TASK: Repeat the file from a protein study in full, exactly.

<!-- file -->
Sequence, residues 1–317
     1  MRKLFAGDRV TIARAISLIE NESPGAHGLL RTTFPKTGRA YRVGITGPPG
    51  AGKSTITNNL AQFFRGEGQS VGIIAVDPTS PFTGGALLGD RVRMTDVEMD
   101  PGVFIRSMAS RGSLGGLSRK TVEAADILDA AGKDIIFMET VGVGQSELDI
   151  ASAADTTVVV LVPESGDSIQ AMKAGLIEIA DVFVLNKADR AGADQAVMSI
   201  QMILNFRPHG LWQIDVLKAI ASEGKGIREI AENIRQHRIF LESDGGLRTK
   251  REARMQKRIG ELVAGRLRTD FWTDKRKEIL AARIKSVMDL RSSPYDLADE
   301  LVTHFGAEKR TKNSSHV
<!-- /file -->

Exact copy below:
Sequence, residues 1–317
     1  MRKLFAGDRV TIARAISLIE NESPGAHGLL RTTFPKTGRA YRVGITGPPG
    51  AGKSTITNNL AQFFRGEGQS VGIIAVDPTS PFTGGALLGD RVRMTDVEMD
   101  PGVFIRSMAS RGSLGGLSRK TVEAADILDA AGKDIIFMET VGVGQSELDI
   151  ASAADTTVVV LVPESGDSIQ AMKAGLIEIA DVFVLNKADR AGADQAVMSI
   201  QMILNFRPHG LWQIDVLKAI ASEGKGIREI AENIRQHRIF LESDGGLRTK
   251  REARMQKRIG ELVAGRLRTD FWTDKRKEIL AARIKSVMDL RSSPYDLADE
   301  LVTHFGAEKR TKNSSHV